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Nigel Farage, the man behind Brexit, says he’ll be ‘useful’ to Trump

·Chief Investigative Correspondent
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Nigel Farage, the fiery advocate of the Brexit campaign in the United Kingdom, tells Yahoo News he is expecting to play “quite a useful role” for the Trump administration — as a salesman for the White House agenda to British and European audiences.

Farage also elaborated on his hard-right, anti-immigrant agenda, saying that many of those seeking to enter Europe and the United States, like the immigrants to Germany allowed in by Chancellor Angela Merkel, are not legitimate refugees at all, but “young males, effectively economic migrants.”

“When ISIS says they will use the refugee crisis to flood our country with their terrorists, we ought to take that seriously,” Farage said.

Farage made those comments to Yahoo News shortly after he spoke to a wildly appreciative audience at the Conservative Political Action Conference in Oxon Hill, Md., where he celebrated last year’s passage of Brexit and Trump’s election as the twin signs of a “global political revolution.”

“We did it! 2016! We did it!” Farage shouted from the stage, to loud cheers. With a Churchillian flourish, he said that “when, in years to come, the generations that follow us … there is one year that every school child will know.” That year, he said was 2016, because of its political significance.

Later, in the interview, Farage expanded on his analysis that 2016 was a “pivot point” in Western history.

Nigel Farage, former leader of the United Kingdom Independence Party, addresses CPAC on Feb. 24, 2017, in Oxon Hill, Md. (Photo: Alex Brandon/AP)
Nigel Farage, former leader of the United Kingdom Independence Party, addresses CPAC on Feb. 24, 2017, in Oxon Hill, Md. (Photo: Alex Brandon/AP)

“What 2016 showed was that the nation states made a comeback,” Farage said. “This is a fight back against supernationalism — globalism, as many people call it. It’s a fight back against the idea that we should give away powers to forces outside our own countries, beyond our electoral fingertips.”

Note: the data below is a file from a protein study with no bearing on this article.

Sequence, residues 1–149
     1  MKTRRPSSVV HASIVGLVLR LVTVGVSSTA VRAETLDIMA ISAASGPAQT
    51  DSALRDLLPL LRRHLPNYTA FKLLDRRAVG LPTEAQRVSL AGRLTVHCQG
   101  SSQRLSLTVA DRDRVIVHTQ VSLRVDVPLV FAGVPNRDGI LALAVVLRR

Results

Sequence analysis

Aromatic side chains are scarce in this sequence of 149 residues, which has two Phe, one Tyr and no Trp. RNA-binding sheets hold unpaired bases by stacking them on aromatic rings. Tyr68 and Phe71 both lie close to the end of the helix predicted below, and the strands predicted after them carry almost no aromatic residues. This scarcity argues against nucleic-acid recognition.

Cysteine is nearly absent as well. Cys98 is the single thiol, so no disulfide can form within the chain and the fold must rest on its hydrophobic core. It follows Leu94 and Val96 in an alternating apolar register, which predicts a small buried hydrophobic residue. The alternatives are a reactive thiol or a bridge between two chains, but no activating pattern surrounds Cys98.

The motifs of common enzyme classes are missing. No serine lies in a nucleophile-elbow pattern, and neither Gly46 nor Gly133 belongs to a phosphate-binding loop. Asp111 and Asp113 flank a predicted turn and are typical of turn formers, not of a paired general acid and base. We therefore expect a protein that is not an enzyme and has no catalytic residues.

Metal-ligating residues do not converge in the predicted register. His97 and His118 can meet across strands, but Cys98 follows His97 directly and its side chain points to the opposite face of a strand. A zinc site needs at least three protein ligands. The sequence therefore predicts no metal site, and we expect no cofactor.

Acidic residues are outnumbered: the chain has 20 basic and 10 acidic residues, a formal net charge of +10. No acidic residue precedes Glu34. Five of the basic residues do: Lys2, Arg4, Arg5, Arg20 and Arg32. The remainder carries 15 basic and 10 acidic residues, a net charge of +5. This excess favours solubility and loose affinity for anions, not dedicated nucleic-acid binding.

“I think a lot of this is about identity,” he added. “It’s about the feeling that immigration levels, certainly in some European countries, have been too high and have completely changed the way neighborhoods look and feel. And what electorates were saying in Britain and America, and will say in Europe this year, is: Enough.”

Farage, the former leader of the right-wing United Kingdom Independence Party (UKIP) and a member of the European Parliament, was asked what he would do about the 4.6 million Syrian refugees who have fled that country’s civil war and are now living in tents in settlement centers in Jordan, Lebanon and Turkey.

Farage said at first that they are only the “tip of the iceberg” of as many as 60 million displaced people around the world. He then added, when pressed about what he would say to Syrian refugees in particular: “We will help you. We will in a Christian way, we will support you. We will make sure you’re fed. We will make sure you’re warm, but we can’t do more than that.”

Farage acknowledged that he has met with President Trump, adding: “But he’s a busy man.” He went on to describe a role for himself as an informal ambassador for Trump in Britain and Europe. “I’m also there in the U.K. trying to explain to people that he’s not the monster that people make him out to be,” he said. Beyond that, he is pushing for a fair trade deal between the United States and Britain, and trying to make sure NATO members in Europe “get the message” that the Trump administration expects them to pay their fair share.

“I will do everything I can to be helpful,” Farage said.

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